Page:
I have cable internet and they advertise 200 Mb/s. My cell phone, using speedtest.net consistently gets over 200 Mb/s. My desktop wired using Gig ethernet gets less than 100 Mb/s. I totally get that my Internet will be a bottleneck. I won't get a gig throughput for my Internet. But I should be getting the 200 Mb/s when my smartphone does over wifi.

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#13
May 19, 2020 at 17:53:21
Does the speedtest.net select the same (test)server on PC and smartphone?
Any proxy set on your PC? Or VPN?

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#14
May 19, 2020 at 18:13:36
Sluc, you are right. I never thought to look to see what server they're connecting to. I just changed the server on my PC to match the server it's speedtesting to on the phone and I got 222 Mb/s! Cool! Thanks! Wonder why the other server is so much slower? You'd think they'd fix that if it's being used to check Internet speeds.

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#15
May 20, 2020 at 18:55:04
Speedtest.net does not own the machines running speedtest.net app. ISP'a and perhaps datacenters or other network operators have an account with speedtest.net to operate the app/server. It is a way to test the network speed of their customers.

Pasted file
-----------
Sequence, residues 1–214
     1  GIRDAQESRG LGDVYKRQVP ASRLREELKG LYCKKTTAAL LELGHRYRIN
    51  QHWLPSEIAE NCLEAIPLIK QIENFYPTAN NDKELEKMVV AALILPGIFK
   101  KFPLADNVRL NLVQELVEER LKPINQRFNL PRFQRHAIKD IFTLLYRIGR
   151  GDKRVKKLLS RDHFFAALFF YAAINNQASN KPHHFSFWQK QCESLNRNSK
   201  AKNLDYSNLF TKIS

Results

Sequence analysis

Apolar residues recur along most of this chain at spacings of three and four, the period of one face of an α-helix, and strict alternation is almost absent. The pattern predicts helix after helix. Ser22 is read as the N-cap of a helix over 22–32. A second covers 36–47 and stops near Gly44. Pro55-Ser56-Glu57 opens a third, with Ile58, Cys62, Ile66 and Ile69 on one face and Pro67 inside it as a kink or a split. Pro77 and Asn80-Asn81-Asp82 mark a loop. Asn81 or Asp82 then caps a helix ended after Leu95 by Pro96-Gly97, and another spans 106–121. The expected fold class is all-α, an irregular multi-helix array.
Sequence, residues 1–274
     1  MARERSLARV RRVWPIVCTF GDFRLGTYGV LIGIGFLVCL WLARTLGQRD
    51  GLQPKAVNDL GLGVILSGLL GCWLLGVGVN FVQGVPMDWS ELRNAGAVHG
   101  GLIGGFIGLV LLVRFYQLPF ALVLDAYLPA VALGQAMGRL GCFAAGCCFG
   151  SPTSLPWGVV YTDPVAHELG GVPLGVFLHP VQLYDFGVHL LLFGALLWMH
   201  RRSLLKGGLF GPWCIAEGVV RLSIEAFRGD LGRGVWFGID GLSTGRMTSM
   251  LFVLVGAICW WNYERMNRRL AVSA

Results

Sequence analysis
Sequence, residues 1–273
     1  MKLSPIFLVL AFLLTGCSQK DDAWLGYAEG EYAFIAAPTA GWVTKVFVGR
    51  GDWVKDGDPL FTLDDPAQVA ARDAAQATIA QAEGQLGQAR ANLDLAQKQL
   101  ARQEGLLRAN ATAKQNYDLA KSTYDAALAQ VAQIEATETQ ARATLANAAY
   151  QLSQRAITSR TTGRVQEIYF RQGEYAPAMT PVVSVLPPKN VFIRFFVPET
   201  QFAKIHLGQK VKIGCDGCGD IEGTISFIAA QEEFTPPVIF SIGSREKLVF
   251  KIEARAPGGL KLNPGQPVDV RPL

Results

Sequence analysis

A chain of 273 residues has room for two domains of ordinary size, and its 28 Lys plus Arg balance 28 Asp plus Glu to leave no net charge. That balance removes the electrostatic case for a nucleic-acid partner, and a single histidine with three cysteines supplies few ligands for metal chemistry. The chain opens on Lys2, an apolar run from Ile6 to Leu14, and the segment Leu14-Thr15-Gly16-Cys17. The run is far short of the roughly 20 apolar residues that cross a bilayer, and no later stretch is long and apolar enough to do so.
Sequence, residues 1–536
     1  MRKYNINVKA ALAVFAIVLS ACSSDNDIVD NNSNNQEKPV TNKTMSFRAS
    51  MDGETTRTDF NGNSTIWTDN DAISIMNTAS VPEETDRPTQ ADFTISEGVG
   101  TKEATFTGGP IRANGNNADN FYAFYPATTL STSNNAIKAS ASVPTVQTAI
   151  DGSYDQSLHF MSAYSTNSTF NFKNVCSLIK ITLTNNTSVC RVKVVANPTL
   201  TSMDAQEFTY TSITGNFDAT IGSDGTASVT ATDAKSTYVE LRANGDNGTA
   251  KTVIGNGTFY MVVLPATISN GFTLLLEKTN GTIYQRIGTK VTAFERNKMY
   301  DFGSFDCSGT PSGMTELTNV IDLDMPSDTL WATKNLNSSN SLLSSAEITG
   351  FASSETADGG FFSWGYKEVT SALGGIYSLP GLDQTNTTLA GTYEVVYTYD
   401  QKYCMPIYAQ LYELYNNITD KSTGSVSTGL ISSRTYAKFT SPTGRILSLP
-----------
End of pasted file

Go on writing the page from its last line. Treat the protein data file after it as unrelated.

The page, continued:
Depending if the machine is dedicated to speedtest or is running other services and on the current network conditions, results will differ. Do not stare yourself blind on ONE speedtest server. If the server is within your ISP, the result should show the subscribed network speed. Once you go outside your ISP network, speedtest results can vary widely depending on current network conditions between your and the speedtest server.


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#16
May 21, 2020 at 00:39:30
Some Speedtest systems allow the user to select a single dedicated path for the test; others to use only the multiple path option. The latter usually is faster than the single path - at least that’s been been my experience.